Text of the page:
This is not only false, it is dangerous. When you give any one group of men, or any school of thought, for that matter, total domination over a society’s way of thinking, history shall show you that bad things will most certainly happen. What I am willing to bet that a large portion of the world, America included, has forgotten, is that Science is not an absolute. That Scientists are not perfectly logical machine-men who only serve Humanity or Science or Truth itself. We have this problem of image where we see the men of Science as people who live austere lives, almost as separated from the rest of us as Trappist monks are in their monasteries. We look and find a supreme superhuman dedication to rational thought and the betterment their own field which consequently betters the lives of our species. The title PhD has become as significant and respected as the title Rev. or Fr., which, in itself, is nothing wrong. What is wrong is awarding those possessing such titles the same sort of confidence and devotional respect. What is wrong is that to many I have met, the white lab coat a Professor may wear is viewed in a like way to the raven cassock of the Roman Catholic Church.
At this point you might begin to feel that I am taking things a tad too far; I assure you, I am not. As a man of Faith myself, I can recognize it quite clearly in others, even others who are so wrapped up in their own thinking that they fail to notice where they have left rationality behind for, strangely enough, the sake of rational thought. I can guarantee that those of the secular mindset, especially those raised in that manner of thinking, have a much harder time recognizing their own pseudo-religious behavior or thought. We, who live and breathe such things, can see it as plain as the nose on their faces.
Any man who has attacked Religion or expressed the dangers that come with it, and even as a practicing Catholic I assure you that I acknowledge some of those dangers myself, for they do exist, can tell you that such a view of men in the sort of financial, political, intellectual, and governmental positions is no good thing. Like Priests, and Bishops, and even Popes, contrary to what some Protestants would have you believe, Scientists are flawed, fallible, and human. Unless guided by some outside source (I.E., in the cases of Church Council or Papal Infallibility, which relate only to Church Teachings and not personal thought or behavior, basically, no Church Council or Pope can order me to jump off of the Empire State Building, or shoot a heretic, for that matter, and claim that it is the direct Will of God that I do so), they will continue to be flawed, fallible, and human. And still, I cannot count the number of times I have voiced a disparate opinion or hypothesis regarding some bit of evidence or data and been told that Science has decreed that this or that Theory is absolute and final. Any proper Scientist should scoff and deride such madness. The very way Theories are given life is by the interpretation of data. All because we have begun to view Science and its practitioners as a strange sort of secular priesthood.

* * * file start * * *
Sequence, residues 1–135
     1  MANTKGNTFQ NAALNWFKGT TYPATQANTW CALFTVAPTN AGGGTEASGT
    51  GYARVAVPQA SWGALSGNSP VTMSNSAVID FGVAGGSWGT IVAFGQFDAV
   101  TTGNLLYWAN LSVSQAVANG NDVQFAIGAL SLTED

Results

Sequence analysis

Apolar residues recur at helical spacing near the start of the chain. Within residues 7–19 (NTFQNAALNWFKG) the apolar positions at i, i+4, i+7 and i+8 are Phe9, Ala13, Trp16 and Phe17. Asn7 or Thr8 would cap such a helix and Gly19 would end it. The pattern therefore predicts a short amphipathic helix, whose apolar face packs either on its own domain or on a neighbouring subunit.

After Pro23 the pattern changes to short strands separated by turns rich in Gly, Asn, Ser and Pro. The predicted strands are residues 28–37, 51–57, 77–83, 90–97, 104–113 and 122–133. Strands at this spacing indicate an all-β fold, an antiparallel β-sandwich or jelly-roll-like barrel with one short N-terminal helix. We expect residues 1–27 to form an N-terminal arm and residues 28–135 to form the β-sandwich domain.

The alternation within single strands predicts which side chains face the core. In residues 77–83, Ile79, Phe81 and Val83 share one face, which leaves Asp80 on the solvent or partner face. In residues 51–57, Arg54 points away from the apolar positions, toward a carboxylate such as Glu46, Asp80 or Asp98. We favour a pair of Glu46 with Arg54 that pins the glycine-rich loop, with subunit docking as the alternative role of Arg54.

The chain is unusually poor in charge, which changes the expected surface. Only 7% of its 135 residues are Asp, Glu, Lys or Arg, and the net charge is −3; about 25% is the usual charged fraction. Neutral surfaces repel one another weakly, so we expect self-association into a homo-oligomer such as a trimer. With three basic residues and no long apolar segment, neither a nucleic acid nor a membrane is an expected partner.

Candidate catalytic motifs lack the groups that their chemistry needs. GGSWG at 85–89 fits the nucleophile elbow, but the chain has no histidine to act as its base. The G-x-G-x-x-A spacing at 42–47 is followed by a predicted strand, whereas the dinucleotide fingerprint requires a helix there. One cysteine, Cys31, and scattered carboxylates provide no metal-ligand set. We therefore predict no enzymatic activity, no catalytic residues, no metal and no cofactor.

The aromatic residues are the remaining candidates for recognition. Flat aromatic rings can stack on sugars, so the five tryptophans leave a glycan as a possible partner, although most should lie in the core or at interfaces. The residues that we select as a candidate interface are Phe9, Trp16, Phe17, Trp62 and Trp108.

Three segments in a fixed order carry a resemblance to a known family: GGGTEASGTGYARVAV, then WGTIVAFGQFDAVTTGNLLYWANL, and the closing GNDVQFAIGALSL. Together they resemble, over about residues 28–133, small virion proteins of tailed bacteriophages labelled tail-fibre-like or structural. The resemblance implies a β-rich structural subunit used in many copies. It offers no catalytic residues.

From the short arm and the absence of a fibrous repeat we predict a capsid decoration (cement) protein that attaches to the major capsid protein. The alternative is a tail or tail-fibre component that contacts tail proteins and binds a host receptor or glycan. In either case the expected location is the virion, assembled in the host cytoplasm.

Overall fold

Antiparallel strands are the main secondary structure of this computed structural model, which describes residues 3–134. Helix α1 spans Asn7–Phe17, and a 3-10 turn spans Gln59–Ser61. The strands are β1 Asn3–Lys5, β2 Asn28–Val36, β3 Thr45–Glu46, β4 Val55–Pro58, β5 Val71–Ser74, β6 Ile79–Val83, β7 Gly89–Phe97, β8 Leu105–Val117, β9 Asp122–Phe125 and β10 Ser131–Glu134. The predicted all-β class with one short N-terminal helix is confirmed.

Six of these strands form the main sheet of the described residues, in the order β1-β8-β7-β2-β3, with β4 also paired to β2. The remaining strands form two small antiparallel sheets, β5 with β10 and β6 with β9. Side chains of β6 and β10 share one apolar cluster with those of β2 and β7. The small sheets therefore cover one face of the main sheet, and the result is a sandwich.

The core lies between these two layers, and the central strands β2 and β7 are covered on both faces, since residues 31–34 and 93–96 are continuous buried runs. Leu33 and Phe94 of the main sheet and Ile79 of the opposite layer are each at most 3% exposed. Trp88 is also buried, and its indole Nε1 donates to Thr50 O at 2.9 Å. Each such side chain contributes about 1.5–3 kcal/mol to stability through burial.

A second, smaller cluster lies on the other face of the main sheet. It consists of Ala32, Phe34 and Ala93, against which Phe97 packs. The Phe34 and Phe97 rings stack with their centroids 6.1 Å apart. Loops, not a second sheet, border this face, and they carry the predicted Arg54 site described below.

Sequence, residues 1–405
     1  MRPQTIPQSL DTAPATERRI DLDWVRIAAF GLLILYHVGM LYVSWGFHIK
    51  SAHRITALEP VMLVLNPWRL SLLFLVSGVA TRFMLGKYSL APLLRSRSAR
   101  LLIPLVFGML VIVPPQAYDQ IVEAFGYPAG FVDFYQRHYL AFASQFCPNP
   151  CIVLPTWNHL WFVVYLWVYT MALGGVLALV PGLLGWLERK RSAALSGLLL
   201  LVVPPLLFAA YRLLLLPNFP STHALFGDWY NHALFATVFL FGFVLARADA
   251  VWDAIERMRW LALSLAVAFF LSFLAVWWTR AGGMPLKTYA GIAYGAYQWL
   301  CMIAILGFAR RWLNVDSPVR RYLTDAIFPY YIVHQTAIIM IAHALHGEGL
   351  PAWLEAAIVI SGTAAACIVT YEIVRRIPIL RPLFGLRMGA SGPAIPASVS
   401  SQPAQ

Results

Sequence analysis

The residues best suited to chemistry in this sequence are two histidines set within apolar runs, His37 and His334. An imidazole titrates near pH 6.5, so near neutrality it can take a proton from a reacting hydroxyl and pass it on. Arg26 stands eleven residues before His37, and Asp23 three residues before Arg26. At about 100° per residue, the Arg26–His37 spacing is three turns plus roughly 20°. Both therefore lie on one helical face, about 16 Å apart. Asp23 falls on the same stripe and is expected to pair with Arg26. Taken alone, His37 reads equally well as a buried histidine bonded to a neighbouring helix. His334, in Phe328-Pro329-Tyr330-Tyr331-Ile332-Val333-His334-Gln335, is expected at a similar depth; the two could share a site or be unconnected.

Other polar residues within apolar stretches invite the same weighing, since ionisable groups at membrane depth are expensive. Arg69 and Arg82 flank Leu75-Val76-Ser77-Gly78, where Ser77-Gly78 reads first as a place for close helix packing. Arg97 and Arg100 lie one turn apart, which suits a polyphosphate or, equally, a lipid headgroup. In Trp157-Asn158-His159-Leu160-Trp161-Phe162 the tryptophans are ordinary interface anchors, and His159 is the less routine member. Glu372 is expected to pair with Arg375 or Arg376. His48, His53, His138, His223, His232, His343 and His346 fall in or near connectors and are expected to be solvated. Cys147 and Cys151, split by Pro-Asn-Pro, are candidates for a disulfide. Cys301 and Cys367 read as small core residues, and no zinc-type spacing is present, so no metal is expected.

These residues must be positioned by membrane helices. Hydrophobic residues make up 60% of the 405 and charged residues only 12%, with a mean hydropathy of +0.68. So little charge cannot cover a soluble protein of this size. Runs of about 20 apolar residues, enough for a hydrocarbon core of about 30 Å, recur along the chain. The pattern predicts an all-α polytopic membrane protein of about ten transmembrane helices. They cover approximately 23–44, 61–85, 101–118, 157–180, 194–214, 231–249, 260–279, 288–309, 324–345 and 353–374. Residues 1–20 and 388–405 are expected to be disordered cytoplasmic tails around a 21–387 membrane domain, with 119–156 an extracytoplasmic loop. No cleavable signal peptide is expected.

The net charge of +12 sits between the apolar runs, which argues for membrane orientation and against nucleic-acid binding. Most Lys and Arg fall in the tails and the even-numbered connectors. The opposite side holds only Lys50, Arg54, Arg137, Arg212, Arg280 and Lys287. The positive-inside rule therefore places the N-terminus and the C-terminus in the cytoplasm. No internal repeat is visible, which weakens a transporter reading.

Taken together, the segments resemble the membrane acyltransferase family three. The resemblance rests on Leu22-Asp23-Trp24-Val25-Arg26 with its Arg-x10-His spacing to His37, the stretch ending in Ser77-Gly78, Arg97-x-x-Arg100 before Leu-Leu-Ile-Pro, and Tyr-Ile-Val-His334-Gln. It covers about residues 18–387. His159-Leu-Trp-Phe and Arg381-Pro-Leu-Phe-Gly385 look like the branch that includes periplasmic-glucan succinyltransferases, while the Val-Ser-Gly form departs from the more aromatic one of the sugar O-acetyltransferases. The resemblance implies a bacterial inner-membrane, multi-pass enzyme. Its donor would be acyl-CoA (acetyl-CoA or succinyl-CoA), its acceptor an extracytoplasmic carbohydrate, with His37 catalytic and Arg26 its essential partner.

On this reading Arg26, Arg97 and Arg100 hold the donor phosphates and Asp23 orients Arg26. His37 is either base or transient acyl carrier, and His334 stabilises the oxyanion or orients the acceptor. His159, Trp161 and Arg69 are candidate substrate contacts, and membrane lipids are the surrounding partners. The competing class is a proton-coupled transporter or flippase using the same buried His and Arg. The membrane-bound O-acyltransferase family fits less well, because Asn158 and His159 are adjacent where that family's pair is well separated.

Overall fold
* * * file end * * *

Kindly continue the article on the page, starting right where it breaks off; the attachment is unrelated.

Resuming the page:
Scientists are subject to great pressures in their daily lives, which increase or decrease depending on their field. One such pressure which remains ubiquitous for all of us is the need to find funding for research, or even just to support ourselves. We are not humble hermits working in secluded labs for the betterment of all, while what we do might involve that. Like any other lay (as in not of a religious order) person, we work to feed ourselves and keep our families afloat. Now, because I am a Papist, I will take this moment to congratulate the Church for creating a class of men and women freed from that grind by providing them a reasonable amount of food and shelter while removing their need to provide for a family. It was a stroke of immense brilliance, though part of the celibacy issue is Divinely given and the credit belongs to God, not us. You see, Priests and Nuns and all the rest can go about their work completely out of a desire to help others, as opposed to worrying over keeping themselves and their loved ones taken care of.
I have already witnessed firsthand the sort of jockeying that can occur over funding. I have been edging closer to it as my undergraduate research becomes more important and meaningful to the field of Paleontology at large. I have not liked what I have seen, and had several ugly realizations that shattered my own false imaginings of who and what scientists were. We are anything but intellectual ascetics. My experiences, I am told, are still not fully what “things are really like” in Academia. Aside from all the ego-fanning, fame-mongering, and political jockeying within the Universities and other institutions that put clothing on our backs, food in our mouths, and our names into magazines and newspapers, there is even the monetary angle to consider. I am a mere meddler in things long dead that at best bring media attention, that, while valuable, can also be drawn in by other more lucrative research. Can you comprehend the pressure placed squarely upon the shoulders of researchers in genetics, pharmacology, or any number of other fields where they are by nature part of a multi-billion/trillion dollar industry? Especially in an environment where the University has in many ways become more of a business than a place of learning, such things are rife with temptations and all manner of corporate espionage/backbiting/assorted treachery. Or consider yourself as a member of the American Psychological(or Psychiatric) Association, both of which have ties to our Government and the Pharmaceutical Industry. The point is, just because a nice man with the looks expected of his profession says something, you should not immediately consider it to be the truth and nothing but.